Rather than ushering in a new era of peace, the Oslo Accords, which allowed the PLO to set up a government in the West Bank and Gaza led to a wave of terror beginning in April, 1994 including car bombs and suicide bombings. Nonetheless in November, 1994, Peres, along with Rabin and Arafat jointly won the Nobel Peace Prize.

Despite the ongoing terror, which Arafat either turned a blind eye to or was complicit in, negotiations continued leading to an interim agreement that was signed in September, 1995. This almost led to the fall of the Rabin government but he was able to convince a faction of what had been a right-wing party to join the government.

However in November, Rabin was assassinated by Yigal Amir, an extremist who opposed the peace agreement. Peres became prime minister. Eager to keep the peace process going, over the next seven weeks Peres, benefiting from public support in the wake of Rabin’s assassination, oversaw the withdrawal of Israeli forces from the major Palestinian population centers, which was completed by the end of the year and gave the Palestinian Authority control over some 90% of the Palestinian population.

However the terror didn’t end and during a two-week period over February and March 1996, a series of terror attacks in Jerusalem, Ashkelon and Tel Aviv killed dozens of Israelis and soured Israel on the peace process.

At the end of May 1996, Peres lost his election bid to Benjamin Netanyahu. The peace process continued under Netanyahu and his successor, Ehud Barak. A few months after Barak, with encouragement from President Bill Clinton, made a peace offer that was rejected by Arafat, the Palestinians began what they called the “Aqsa intifada,” a terror campaign against Israel.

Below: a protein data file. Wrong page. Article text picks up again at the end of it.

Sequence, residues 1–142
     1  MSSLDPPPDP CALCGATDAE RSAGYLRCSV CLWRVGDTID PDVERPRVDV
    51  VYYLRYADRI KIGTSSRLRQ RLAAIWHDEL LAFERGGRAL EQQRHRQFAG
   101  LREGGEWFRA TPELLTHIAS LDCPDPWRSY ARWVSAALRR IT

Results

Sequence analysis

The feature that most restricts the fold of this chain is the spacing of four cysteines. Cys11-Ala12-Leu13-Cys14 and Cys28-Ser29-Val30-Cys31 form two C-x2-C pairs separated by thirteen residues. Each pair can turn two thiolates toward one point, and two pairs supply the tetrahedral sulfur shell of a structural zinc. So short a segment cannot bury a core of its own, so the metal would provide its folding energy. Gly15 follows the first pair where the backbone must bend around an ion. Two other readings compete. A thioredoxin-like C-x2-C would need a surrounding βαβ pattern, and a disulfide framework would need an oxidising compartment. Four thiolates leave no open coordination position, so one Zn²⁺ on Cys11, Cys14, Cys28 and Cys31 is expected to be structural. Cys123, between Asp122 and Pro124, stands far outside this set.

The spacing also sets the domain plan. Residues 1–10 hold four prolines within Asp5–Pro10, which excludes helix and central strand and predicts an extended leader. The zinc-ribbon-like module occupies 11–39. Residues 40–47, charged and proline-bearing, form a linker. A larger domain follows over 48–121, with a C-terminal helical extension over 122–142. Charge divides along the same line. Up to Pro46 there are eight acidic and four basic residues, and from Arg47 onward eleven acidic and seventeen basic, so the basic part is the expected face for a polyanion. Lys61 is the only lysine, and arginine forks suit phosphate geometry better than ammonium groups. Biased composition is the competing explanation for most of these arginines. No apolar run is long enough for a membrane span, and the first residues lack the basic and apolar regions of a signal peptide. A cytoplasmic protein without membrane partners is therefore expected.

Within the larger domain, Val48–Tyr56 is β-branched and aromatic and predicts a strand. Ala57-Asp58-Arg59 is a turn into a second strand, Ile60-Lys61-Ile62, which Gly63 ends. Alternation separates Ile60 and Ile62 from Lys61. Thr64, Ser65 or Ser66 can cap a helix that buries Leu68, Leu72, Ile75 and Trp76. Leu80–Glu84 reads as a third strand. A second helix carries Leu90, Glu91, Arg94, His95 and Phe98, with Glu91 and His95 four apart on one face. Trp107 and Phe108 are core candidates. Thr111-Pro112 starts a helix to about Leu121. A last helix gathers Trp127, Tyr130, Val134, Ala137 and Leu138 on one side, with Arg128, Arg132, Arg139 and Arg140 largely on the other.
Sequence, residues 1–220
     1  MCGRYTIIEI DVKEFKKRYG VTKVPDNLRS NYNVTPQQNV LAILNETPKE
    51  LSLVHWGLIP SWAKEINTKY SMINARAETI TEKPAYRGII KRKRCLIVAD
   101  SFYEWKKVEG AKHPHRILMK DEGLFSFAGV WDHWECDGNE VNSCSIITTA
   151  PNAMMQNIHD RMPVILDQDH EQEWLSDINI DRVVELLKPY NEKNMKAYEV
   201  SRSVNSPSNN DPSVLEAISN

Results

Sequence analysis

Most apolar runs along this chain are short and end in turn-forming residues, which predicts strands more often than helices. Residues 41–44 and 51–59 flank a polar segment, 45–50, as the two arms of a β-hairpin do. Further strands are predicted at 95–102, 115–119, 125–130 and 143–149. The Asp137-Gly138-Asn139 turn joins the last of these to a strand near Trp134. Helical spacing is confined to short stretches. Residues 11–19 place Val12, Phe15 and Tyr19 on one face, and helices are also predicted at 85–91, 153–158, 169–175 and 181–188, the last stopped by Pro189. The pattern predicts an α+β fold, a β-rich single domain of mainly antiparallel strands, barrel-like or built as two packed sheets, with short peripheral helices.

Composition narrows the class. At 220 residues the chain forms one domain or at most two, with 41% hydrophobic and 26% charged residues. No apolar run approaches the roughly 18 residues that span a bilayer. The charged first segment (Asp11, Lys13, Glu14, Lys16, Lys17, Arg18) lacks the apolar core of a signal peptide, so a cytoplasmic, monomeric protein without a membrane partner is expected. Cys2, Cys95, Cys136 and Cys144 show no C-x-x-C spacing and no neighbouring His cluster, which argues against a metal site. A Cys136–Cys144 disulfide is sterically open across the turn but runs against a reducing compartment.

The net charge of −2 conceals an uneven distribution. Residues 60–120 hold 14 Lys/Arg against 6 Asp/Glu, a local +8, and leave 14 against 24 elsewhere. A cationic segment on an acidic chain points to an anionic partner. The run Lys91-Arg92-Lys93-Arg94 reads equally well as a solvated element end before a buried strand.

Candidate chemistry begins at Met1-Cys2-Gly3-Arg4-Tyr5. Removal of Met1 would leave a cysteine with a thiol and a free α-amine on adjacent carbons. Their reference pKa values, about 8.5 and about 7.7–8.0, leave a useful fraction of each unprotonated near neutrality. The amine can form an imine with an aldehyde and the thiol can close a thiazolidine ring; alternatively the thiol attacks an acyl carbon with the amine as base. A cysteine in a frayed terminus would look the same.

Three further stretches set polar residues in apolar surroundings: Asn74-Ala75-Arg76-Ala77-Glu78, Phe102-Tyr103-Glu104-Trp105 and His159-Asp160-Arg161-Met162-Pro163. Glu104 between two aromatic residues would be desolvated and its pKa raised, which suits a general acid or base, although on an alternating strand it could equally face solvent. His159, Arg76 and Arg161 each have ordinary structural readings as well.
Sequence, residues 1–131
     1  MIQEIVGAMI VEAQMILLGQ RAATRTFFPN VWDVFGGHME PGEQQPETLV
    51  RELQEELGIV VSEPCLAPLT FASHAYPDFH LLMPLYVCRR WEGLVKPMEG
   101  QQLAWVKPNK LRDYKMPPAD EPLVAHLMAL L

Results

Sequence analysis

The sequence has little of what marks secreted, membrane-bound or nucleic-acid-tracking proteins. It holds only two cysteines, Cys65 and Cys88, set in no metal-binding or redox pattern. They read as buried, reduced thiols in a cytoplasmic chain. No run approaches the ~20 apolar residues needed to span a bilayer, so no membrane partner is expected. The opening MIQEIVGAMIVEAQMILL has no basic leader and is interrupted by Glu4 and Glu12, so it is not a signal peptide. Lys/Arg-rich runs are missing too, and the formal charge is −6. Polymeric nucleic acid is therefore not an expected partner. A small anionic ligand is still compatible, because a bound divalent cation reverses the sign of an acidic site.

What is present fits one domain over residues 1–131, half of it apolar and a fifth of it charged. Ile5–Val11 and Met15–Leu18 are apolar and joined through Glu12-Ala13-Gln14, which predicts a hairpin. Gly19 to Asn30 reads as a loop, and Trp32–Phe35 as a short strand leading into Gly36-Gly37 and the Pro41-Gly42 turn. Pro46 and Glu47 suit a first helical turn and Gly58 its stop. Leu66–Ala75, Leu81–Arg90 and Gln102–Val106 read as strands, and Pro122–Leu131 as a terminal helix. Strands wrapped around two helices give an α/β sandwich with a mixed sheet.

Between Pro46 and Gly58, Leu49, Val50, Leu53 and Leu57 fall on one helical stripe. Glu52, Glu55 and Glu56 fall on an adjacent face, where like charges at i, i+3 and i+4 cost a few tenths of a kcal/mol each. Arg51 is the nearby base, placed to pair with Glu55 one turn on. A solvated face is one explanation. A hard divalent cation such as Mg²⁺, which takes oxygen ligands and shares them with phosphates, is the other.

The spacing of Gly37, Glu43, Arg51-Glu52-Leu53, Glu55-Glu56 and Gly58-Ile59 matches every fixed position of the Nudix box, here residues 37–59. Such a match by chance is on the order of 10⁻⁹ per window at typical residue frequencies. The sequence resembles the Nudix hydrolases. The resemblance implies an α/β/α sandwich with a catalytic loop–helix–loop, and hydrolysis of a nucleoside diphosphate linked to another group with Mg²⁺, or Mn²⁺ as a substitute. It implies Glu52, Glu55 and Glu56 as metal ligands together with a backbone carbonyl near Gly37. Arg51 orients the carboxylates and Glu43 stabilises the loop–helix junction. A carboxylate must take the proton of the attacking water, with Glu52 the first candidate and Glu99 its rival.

The second intifada brought Ariel Sharon to power. It was under Sharon that Israeli militarily defeated the terror campaign. But afterwards, Sharon sought to disengage from Gaza and, because of resistance within the Likud party, started a new party, Kadima. Shortly after losing the Labor Party leadership in late 2005, joined Kadima, ahead of the 2006 elections.

The Third Act

In 2007, Peres was Sharon’s choice to succeed Moshe Katzav as president of Israel. While the post is largely ceremonial, Israel’s president sometimes serves as a kind of ambassador to the world. It was a perfect fit for Peres, who, through his efforts at making peace, was on excellent terms with many current and former world leaders and celebrities. In 2012, President Barack Obama awarded Peres the Presidential Medal of Honor, America’s highest civilian honor. His 90th birthday party a year later was attended by Bill Clinton, Tony Blair and Barbara Streisand.

Even as Peres gained celebrity for his unsuccessful peacemaking, he spoke out in Israel’s defense. In 2014 at the outset of Operation Protective Edge, Peres explained why Israel was justified in striking at Hamas.

When he presented Peres with the Presidential Medal of Honor, Obama described him as “the essence of Israel itself – an indomitable spirit that will not be denied,” Obama was correct. If you read about how Peres built Israel’s army and defense industry, it shows a man who was willing to suspend disbelief and believe that he could do anything that was necessary to achieve the results he desired.

It was that same spirit that pushed him to make peace with the Palestinians. Unfortunately in his zeal, he overlooked the critical factor in making peace, which was whether or not his adversary wanted it.

Ironically, “The New Middle East” Peres envisioned taking shape in the wake of Oslo Accords, is possibly slowly taking place now. The motivation for Arab states to (secretly) seek closer ties with Israel is not Israel making peace with the Palestinians, but the shared threat the Arabs feel from Iran.

[Photo: Government Press Office / WikiCommons ]